Land degradation target can be met by utilising 100-day work scheme | Analysis
A desertification and land degradation Atlas by Space Applications Centre showed that 29.32% of total geographical area during 2011-13 was undergoing land degradation. Globally, one-third of the total geographical area is degraded.Updated: Aug 29, 2019 11:50 IST
Environment minister, Prakash Javadekar on Tuesday announced that India will convert nearly 50 lakh hectares of degraded land to fertile land in the next 10 years.
He also said that the government will implement the “New Delhi Declaration” on tackling land degradation which is to be adopted at the end of the negotiations under United Nations Convention to Combat Desertification, Land Degradation and Drought hosted by India in September.
Javadekar however didn’t elaborate on how the big target will be achieved. A desertification and land degradation Atlas by Space Applications Centre showed that 29.32% of total geographical area during 2011-13 was undergoing land degradation. Globally, one-third of the total geographical area is degraded.
Jharkhand, Rajasthan, Delhi, Gujarat and Goa have more than 50% of land area undergoing desertification/land degradation while states with less than 10% land degradation are Kerala, Assam, Mizoram, Haryana, Bihar, Uttar Pradesh, Punjab and Arunachal Pradesh.
The best bet for the environment ministry is to utilise the Mahatma Gandhi National Rural Employment Guarantee Act (MGNREGA) — the world’s largest wage-based social protection programme which is currently employing about 260 million people.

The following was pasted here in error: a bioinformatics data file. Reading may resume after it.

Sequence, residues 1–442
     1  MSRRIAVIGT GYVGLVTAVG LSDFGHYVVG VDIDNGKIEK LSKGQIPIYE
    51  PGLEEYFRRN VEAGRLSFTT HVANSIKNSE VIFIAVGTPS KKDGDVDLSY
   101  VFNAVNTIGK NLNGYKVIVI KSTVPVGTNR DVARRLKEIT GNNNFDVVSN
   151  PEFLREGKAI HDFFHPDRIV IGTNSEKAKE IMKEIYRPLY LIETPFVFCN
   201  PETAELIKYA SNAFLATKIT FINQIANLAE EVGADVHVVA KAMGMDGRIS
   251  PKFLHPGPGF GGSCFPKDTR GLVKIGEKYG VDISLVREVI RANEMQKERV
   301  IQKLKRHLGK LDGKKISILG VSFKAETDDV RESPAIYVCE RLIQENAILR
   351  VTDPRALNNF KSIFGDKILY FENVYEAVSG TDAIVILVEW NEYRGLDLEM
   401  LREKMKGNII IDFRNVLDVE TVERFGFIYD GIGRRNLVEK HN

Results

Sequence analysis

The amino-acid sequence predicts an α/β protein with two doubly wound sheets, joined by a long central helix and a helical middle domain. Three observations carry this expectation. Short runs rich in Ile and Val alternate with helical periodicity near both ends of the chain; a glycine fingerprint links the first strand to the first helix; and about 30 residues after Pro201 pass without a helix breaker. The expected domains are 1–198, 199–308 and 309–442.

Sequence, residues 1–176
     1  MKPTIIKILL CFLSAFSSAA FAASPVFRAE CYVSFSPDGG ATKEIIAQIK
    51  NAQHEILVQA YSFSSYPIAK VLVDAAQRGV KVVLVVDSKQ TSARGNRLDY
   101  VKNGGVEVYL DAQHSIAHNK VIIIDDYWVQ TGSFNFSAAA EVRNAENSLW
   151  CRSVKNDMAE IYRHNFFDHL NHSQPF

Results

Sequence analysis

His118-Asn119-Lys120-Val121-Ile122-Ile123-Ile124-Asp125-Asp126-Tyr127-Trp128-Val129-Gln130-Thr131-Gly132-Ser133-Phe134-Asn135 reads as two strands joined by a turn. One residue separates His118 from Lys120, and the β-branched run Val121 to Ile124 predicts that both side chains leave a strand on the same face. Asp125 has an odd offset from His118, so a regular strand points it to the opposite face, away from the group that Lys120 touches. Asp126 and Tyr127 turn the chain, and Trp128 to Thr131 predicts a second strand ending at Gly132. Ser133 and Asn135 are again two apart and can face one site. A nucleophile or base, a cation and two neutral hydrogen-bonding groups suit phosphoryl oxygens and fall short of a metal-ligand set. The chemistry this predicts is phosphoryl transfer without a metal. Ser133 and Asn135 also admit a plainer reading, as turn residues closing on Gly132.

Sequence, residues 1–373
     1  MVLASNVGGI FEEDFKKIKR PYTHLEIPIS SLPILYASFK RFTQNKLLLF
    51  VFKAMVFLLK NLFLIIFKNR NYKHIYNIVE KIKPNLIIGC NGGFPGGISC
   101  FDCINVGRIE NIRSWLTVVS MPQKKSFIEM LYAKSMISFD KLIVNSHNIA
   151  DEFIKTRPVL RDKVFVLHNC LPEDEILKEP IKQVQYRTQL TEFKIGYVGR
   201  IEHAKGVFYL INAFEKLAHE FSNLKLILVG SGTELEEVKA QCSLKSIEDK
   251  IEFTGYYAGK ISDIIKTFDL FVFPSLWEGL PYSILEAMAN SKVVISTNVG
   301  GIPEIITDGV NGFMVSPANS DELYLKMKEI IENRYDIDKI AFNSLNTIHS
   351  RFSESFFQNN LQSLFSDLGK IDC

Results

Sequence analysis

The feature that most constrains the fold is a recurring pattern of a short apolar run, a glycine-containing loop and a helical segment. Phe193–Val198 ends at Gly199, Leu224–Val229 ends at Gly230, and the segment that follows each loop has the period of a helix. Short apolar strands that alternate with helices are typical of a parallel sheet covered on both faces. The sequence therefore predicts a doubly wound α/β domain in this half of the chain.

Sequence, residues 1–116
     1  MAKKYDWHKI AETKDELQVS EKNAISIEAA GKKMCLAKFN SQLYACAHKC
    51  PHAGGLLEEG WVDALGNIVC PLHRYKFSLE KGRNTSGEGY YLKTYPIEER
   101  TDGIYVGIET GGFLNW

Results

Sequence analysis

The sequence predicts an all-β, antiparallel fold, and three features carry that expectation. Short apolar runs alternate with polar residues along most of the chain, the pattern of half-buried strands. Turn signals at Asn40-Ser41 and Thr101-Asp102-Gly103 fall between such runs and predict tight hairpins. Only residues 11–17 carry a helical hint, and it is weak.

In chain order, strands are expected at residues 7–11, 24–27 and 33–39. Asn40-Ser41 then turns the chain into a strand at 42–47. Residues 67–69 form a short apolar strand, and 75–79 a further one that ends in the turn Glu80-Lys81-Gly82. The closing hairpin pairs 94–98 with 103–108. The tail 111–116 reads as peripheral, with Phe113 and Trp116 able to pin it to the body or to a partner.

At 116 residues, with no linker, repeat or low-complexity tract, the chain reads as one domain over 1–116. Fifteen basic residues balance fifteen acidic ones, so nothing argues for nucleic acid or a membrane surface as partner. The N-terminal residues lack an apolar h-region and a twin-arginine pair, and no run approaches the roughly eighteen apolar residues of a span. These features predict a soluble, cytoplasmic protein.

According to the environment ministry, the main causes of land degradation in India are soil and wind erosion, deforestation, poor irrigation and fertilizer application practices. Such a target would require a very large number of people working in degraded lands improving soil parameters overtime.
MGNREGA’s natural resource management (NRM) works which include raising plantations, restoring and making farm ponds, groundwater recharge structures, watershed management among others do just that.
HT visited some large and successful NRM projects in dry areas of Chhattisgarh in July. A large earthen dam built by villagers in Kokdakhar, a village in Chhattisgarh’s Kabirdhan district (a rain shadow area), where farmers are bracing for their crops to fail for the second year in a row is worth studying.
The earthen dam has managed to bring up groundwater levels and helped tide over the drinking and domestic water use crisis. In many villagers, locals are growing lentils on the bunds of farm ponds they have dug up and farming fish which is improving soil quality and providing livelihood. Similar case studies are abounding in Rajasthan, Jharkhand, Odisha and others.
The Rural Development ministry’s master circular for 2018-19 also recognizes the importance of the 100-day scheme in tackling impacts of climate change. “NREGS works address the climate change vulnerability and protect the farmers from such risks and conserve natural resources,” it states.
The environment ministry can tap in to the resources and expertise of the Rural Development ministry to ensure the land degradation target is met. An additional benefit of collaborating will be to offer jobs to states where job demand is high during times of rural distress. Some officials in the environment ministry said they do plan to involve the rural development ministry.